Volume 17, Number 2—February 2011
Volume 17, Number 2—February 2011 PDF Version [PDF - 8.87 MB - 174 pages]
Medscape CME Activity
Zoonoses in the Bedroom PDF Version [PDF - 145 KB - 6 pages]B. B. Chomel and B. SunView Abstract
In most industrialized countries, pets are becoming an integral part of households, sharing human lifestyles, bedrooms, and beds. The estimated percentage of pet owners who allow dogs and cats on their beds is 14%–62%. However, public health risks, including increased emergence of zoonoses, may be associated with such practices.
Medscape CME Activity
Hepatitis E Virus and Neurologic Disorders PDF Version [PDF - 244 KB - 7 pages]N. Kamar et al.View Abstract
Information about the spectrum of disease caused by hepatitis E virus (HEV) genotype 3 is emerging. During 2004–2009, at 2 hospitals in the United Kingdom and France, among 126 patients with locally acquired acute and chronic HEV genotype 3 infection, neurologic complications developed in 7 (5.5%): inflammatory polyradiculopathy (n = 3), Guillain-Barré syndrome (n = 1), bilateral brachial neuritis (n = 1), encephalitis (n = 1), and ataxia/proximal myopathy (n = 1). Three cases occurred in nonimmunocompromised patients with acute HEV infection, and 4 were in immunocompromised patients with chronic HEV infection. HEV RNA was detected in cerebrospinal fluid of all 4 patients with chronic HEV infection but not in that of 2 patients with acute HEV infection. Neurologic outcomes were complete resolution (n = 3), improvement with residual neurologic deficit (n = 3), and no improvement (n = 1). Neurologic disorders are an emerging extrahepatic manifestation of HEV infection.
Human Infections with Non-O157 Shiga Toxin–producing Escherichia coli, Switzerland, 2000–2009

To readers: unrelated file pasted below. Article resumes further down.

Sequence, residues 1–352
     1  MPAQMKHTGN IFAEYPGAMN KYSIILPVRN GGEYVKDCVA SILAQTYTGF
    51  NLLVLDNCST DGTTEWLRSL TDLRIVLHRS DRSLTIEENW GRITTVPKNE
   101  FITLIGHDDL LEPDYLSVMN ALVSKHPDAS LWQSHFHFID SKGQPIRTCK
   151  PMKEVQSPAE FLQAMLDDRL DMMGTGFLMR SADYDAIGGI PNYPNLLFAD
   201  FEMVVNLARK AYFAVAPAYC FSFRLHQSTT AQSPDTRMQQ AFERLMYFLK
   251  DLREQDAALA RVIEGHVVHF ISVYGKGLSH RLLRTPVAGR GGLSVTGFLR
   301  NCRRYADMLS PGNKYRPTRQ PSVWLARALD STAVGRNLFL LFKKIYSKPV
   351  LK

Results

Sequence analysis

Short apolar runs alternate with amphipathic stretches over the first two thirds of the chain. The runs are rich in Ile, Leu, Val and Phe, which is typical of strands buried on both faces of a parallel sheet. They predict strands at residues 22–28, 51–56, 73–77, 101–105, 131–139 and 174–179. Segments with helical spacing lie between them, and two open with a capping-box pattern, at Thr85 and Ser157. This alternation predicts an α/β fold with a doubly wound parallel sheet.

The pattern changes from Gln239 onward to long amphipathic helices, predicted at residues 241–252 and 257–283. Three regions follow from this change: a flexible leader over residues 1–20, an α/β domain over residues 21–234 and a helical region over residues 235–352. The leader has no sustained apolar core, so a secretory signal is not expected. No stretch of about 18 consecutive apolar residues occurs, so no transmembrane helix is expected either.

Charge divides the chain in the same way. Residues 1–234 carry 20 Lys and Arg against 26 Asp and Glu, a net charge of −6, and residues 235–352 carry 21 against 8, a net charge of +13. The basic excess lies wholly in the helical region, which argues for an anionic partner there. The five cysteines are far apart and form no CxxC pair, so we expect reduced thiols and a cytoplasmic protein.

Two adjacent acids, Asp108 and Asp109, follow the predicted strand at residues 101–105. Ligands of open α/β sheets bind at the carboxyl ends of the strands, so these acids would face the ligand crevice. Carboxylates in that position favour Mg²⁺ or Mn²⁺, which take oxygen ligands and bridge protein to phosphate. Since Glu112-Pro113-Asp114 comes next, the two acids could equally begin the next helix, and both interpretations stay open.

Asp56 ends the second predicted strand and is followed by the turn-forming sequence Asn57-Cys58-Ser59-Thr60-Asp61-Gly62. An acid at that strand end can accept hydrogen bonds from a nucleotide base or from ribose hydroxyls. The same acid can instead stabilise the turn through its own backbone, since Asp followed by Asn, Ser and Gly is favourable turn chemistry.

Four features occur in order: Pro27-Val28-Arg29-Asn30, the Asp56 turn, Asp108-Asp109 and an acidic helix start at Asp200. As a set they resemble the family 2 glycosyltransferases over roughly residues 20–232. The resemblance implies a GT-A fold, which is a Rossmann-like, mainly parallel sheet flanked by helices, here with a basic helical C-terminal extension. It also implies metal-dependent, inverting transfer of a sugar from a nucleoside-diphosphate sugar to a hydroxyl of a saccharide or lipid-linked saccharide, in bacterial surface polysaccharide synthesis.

PDF Version [PDF - 161 KB - 6 pages]
U. Käppeli et al.View Abstract
We characterized 97 non-O157 Shiga toxin (stx)–producing Escherichia coli strains isolated from human patients during 2000–2009 from the national reference laboratory in Switzerland. These strains belonged to 40 O:H serotypes; 4 serotypes (O26:H11/H–, O103:H2, O121:H19, and O145:H28/H–) accounted for 46.4% of the strains. Nonbloody diarrhea was reported by 23.2% of the patients, bloody diarrhea by 56.8%. Hemolytic uremic syndrome developed in 40.0% of patients; serotype O26:H11/H– was most often associated with this syndrome. Forty-five (46.4%) strains carried stx2 genes only, 36 strains (37.1%) carried stx1, and 16 (16.5%) strains carried stx1 and stx2. Genes encoding enterohemolysin and intimin were detected in 75.3% and 70.1% of the strains, respectively. Resistance to >1 antimicrobial agent was present in 25 isolates. High genetic diversity within strains indicates that non-O157 stx–producing E. coli infections in Switzerland most often occurred as single cases.
Severe Cases of Pandemic (H1N1) 2009 in Children, Germany
PDF Version [PDF - 167 KB - 7 pages]
M. Altmann et al.View Abstract
In a hospital-based observational study in Germany, we investigated children admitted to pediatric intensive care units and deaths caused by confirmed pandemic (H1N1) 2009 to identify risk factors and outcomes in critically ill children. Ninety-three children were eligible for our study, including 9 with hospital-acquired infections. Seventy-five percent had underlying chronic medical conditions; neurodevelopmental disorders were most prevalent (57%). The proportion of patients having >1 risk factor increased with age in years (odds ratio 1.21, p = 0.007). Of 15 deaths, 11 occurred in a pediatric intensive care unit (case-fatality rate 12%, 95% confidence interval 6%–21%). Only 9% of the children had been vaccinated against pandemic (H1N1) 2009; all survived. Our results stress the role of underlying risk factors, especially neurodevelopmental disorders, and the need for improving preventive measures to reduce severe disease and adverse outcomes of pandemic (H1N1) 2009 in children.